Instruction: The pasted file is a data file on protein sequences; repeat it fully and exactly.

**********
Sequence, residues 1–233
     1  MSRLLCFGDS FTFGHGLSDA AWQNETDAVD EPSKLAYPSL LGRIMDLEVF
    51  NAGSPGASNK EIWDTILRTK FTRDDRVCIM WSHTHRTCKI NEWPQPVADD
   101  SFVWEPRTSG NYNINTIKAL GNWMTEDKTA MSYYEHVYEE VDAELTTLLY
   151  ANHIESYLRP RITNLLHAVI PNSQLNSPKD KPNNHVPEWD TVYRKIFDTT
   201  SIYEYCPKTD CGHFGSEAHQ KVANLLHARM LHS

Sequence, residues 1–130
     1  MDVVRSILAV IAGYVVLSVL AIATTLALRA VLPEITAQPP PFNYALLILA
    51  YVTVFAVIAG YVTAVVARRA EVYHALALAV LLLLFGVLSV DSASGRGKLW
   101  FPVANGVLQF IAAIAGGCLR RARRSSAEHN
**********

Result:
Sequence, residues 1–233
     1  MSRLLCFGDS FTFGHGLSDA AWQNETDAVD EPSKLAYPSL LGRIMDLEVF
    51  NAGSPGASNK EIWDTILRTK FTRDDRVCIM WSHTHRTCKI NEWPQPVADD
   101  SFVWEPRTSG NYNINTIKAL GNWMTEDKTA MSYYEHVYEE VDAELTTLLY
   151  ANHIESYLRP RITNLLHAVI PNSQLNSPKD KPNNHVPEWD TVYRKIFDTT
   201  SIYEYCPKTD CGHFGSEAHQ KVANLLHARM LHS

Sequence, residues 1–130
     1  MDVVRSILAV IAGYVVLSVL AIATTLALRA VLPEITAQPP PFNYALLILA
    51  YVTVFAVIAG YVTAVVARRA EVYHALALAV LLLLFGVLSV DSASGRGKLW
   101  FPVANGVLQF IAAIAGGCLR RARRSSAEHN